Horizons at Brooklyn Friends School
On a September afternoon, Ian Foster Jones sits behind a piano at the Brooklyn Friends School, a private school in downtown Brooklyn. The group of tiny children who stand rapt before him is a picture of New York’s melting pot—different classes, races, and ethnic backgrounds.
Only about half these children are students at Brooklyn Friends, but each is a member of this school’s afterschool program thanks to the Horizons National Student Enrichment Program. For 40 years, Horizons has battled the “achievement gap” between low-income and middle class students. Its programs, hosted by independent schools, keep public school students sharp and active.
Horizons co-executive directors Taunya Black and Rachel Webber say both the summer and afterschool programs benefit the public and private school students.
“It’s about showing both groups of kids that there is more to the world than what you see when you walk out your door,” says Black.
When starting up the program, Horizons approached dozens of independent schools in New York City, but Brooklyn Friends, with its Quaker mission to serve the wider community, was the only one to sign on. When they began soliciting for support to help fund the effort, the Brooklyn Community Foundation was the first to step up with a grant in 2008.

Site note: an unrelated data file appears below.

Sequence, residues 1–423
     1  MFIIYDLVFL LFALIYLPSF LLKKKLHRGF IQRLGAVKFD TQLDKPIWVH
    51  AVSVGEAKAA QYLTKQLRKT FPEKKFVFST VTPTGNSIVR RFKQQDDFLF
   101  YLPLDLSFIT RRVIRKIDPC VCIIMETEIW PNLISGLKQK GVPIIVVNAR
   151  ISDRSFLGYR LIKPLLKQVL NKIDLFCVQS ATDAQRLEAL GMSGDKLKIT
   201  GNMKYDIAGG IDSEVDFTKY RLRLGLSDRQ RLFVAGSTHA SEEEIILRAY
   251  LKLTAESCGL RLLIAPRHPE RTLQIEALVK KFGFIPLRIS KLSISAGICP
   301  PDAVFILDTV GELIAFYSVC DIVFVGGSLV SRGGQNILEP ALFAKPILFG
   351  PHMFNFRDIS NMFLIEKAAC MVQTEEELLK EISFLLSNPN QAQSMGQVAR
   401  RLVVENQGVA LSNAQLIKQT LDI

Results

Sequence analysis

Each year a new group of Kindergartners come in. They will continue through eighth grade, partaking in academic and extra-curricular activities to stem learning loss. Children from public schools adjoining Brooklyn’s Farragut, Ingersoll, and Whitman public housing communities take swimming lessons, participate in a variety of visual and performing arts, and visit the city’s cultural institutions.
They go to school better prepared to learn. They also learn about themselves. The program is about access to opportunity. “It’s about exposure to the world beyond reading, writing, and arithmetic,” says Webber, “to figure out where their talents lie.”
The Brooklyn Community Foundation continues to help make that happen with a $10,000 grant this year.
“Because we grow exponentially, we need funders that are able to commit over the long haul,” says Black. “Having them in our list of funders speaks highly of us.”
That afternoon in Jones’ chorus class, the Horizons and Brooklyn Friends students are distinguishable only by the uniforms that the public school students wear.
Jones starts into kid-friendly version of the hit song “Party Rock is in the house tonight.” His enthusiasm seems to melt barriers of race, class, and experience. The dozen tiny students wave their hands in the air and sing, “Party Rock is in the school tonight, and everybody’s gonna ave a good time!”